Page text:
Annuities a Slam Dunk for NBA Players

Even some of the highest-paid employees, professional athletes, are using annuities to secure lifetime income, writes Stan The Annuity Man®.

National Basketball Association players were paid an average of $5 million each in salary last season. However, within five years of retiring, statistics show that up to 60% of these highly paid players will file for bankruptcy.

There are a lot of reasons and excuses for this travesty, but now the NBA leadership has stepped in and instituted an annuity plan for the players. It’s about time!

As a direct shot at this problem, the NBA is instituting an annuity “future income” plan as part of the new ten-year collective bargaining agreement between the NBA and the players’ union.

Other professional sports should follow in the NBA’s path to establish these “transfer of risk” income guarantees for its players. Sports Illustrated recently estimated that in 2009, nearly 78% of all NFL players were bankrupt within two years of retiring from the league.

I have decided not to mention any player by name in this article because I cannot imagine the humiliation they suffer on a daily basis. The fact that they had it all and now have nothing has to be a haunting existence.

However, I will reveal some unbelievable numbers that are hard to grasp. One 10-plus-year NBA All-Star earned over $200 million during his career. He is now bankrupt. Another well-known NBA player earned $96 million during his career. Now bankrupt. Another well-known NBA player earned over $110 million. Now bankrupt.

This is hard to imagine for the normal salaried public. Common sense would ask, “Why not just put half in CDs, Money Markets, or Treasuries, just to make sure that you will always have money?”

The NBA has finally figured out that they can no longer wait for common sense to kick in. Now, common sense with NBA players’ money is contractual. By the way, congrats to both the NBA and the players’ union for getting this done!

This subject is near and dear to my heart because I grew up the son of two college basketball coaches. Yes, even my mother was a coach! My ability to shoot and pass a basketball paid for my education and allowed me to get a degree from a top institution. I am one of the few to take advantage of this opportunity.

The sad reality is that most college players are delusional and think that they will play professionally. Yes, even the guys on the bench will tell you that they are going pro.

The problem is that if they do go pro, they have no idea how to handle the success and the money that goes with it. I personally witnessed a couple of my teammates make it to the pros, get paid handsomely, and then end up with nothing at the end of their playing career.

The NBA has yet to release what type of annuity that the players will be utilizing, but my hope is that the NBA leadership will be smart enough to use deferred immediate annuities…also known as Longevity Annuities.

The reason that this would be the best choice is that you can defer turning on the lifetime income stream for up to 45 years. My suggestion would be to not allow the player to turn on that income stream until they turn 60 years old, even though the agreement allows the players to access it earlier.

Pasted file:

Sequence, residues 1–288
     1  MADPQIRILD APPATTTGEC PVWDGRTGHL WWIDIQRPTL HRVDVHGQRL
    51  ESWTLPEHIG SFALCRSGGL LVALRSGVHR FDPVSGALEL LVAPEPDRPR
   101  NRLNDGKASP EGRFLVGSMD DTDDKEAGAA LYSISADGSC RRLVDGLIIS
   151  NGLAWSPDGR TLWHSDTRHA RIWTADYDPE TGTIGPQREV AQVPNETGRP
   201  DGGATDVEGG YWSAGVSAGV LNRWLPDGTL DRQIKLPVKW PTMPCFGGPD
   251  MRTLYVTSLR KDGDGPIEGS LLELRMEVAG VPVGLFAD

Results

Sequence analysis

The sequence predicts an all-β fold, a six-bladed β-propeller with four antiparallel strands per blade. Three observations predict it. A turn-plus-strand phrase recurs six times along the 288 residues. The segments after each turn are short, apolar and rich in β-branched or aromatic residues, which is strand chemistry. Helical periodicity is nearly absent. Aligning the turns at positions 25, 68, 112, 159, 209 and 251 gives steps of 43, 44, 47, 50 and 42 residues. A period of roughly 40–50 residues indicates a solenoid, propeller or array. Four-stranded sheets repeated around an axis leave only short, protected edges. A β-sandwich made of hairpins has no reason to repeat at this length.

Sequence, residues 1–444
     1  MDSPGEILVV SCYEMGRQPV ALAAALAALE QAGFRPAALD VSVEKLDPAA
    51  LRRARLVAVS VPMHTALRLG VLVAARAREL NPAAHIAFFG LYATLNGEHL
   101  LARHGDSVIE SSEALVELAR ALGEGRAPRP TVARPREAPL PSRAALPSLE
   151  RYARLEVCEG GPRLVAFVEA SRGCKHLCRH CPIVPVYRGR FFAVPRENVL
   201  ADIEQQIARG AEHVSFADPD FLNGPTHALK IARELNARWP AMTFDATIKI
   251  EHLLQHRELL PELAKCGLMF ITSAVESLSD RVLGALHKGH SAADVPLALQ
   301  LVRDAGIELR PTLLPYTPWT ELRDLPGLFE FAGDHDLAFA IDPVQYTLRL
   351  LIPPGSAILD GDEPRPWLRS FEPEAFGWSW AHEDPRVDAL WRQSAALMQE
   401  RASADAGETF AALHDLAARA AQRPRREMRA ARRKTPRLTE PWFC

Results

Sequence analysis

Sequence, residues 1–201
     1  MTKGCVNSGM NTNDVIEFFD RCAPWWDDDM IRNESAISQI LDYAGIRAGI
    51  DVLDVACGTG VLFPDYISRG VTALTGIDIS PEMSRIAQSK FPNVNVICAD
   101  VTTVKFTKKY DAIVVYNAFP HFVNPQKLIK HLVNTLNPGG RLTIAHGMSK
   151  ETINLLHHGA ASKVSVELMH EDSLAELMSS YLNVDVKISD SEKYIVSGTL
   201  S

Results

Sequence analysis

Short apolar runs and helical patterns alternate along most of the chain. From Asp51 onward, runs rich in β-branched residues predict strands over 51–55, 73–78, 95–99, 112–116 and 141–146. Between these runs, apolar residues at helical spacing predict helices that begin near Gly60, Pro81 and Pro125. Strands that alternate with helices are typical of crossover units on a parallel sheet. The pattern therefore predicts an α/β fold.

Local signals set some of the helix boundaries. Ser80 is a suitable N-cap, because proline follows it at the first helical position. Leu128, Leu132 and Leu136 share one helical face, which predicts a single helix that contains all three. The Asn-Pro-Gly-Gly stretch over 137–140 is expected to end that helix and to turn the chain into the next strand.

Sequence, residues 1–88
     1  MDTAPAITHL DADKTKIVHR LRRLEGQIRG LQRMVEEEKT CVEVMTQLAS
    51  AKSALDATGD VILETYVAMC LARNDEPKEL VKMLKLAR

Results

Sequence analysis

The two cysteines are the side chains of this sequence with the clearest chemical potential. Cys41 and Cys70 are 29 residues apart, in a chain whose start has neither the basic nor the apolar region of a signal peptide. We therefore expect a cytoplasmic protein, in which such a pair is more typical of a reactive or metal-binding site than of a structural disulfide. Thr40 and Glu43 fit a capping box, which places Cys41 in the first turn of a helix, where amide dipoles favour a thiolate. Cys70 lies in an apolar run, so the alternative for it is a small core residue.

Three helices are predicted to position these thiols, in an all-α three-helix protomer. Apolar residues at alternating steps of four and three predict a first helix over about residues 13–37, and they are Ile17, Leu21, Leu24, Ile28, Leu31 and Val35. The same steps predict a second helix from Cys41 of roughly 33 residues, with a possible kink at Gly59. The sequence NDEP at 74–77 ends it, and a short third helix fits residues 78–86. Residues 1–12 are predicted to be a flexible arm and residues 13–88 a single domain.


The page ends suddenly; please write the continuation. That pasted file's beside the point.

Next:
Now, NBA players already have a pension that kicks in at age 50. A Longevity Annuity would prevent the player from prematurely accessing the money. The funds within the annuity would only be available to the player as an income stream, at the income start date as determined within the contract. In other words, this specific type of annuity structure would save the players from themselves and prevent family, friends, and “hanger-oners” from getting to the money.

The NBA says that some of the money for this annuity pool will come from what they call “basketball-related income” from league revenues. Last year, that number was $34 million, or 1% of revenues. Next year, league revenues will be over $4 billion, so $40 million will be placed into this annuity plan.

Also next year, players will automatically be enrolled into the annuity plan, and can place from 5% to 10% of their salaries into the strategy. A player can “opt out” in writing, but my advice to the NBA is to do everything possible not to let that happen.

So here is a question that you never thought you would be asked: “What can I learn from the NBA?” No, I’m not talking about turn-around jumpers or flying slam dunks!

In the real world, the role that the NBA is playing is eerily close to the role a conservative wife plays with her “trader” husband. The “trader” husband who thinks that he is the master of the universe when it comes to the stock market is eventually reeled in by the wife (playing the part of the NBA) to make sure that a future income strategy is in place.

Similar to the NBA, the wife (I have witnessed this at my workshops) throws continual elbows into her husband’s ribcage whenever I mention the importance of having a lifetime income stream plan in place. The elbows thrown from the wife become sharper as I show the contractual guarantees for both of their lives!

The NBA is now going to force its players to plan for retirement by annually contributing to a lifetime income strategy. Regardless of your athletic ability, you should force yourself to do the same thing for your income planning. And just like the NBA has concluded, the proper annuity “transfer of risk” strategy is the best way to accomplish these retirement income goals.

Originally published by 8.1.2012 –